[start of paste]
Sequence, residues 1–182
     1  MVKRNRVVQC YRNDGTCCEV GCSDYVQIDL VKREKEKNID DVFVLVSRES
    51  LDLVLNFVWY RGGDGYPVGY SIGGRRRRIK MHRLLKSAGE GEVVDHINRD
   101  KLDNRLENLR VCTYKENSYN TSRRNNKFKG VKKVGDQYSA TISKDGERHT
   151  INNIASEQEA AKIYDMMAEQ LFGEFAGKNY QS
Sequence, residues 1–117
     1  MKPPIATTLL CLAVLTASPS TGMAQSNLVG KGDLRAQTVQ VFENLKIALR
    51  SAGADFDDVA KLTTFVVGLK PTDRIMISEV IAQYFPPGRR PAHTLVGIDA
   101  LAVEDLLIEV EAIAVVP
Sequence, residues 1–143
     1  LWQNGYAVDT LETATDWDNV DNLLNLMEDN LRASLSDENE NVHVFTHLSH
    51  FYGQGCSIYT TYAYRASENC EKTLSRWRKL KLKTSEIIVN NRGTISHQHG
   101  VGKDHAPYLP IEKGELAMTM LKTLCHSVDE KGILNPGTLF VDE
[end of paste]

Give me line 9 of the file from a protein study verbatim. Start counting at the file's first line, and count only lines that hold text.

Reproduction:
   101  LAVEDLLIEV EAIAVVP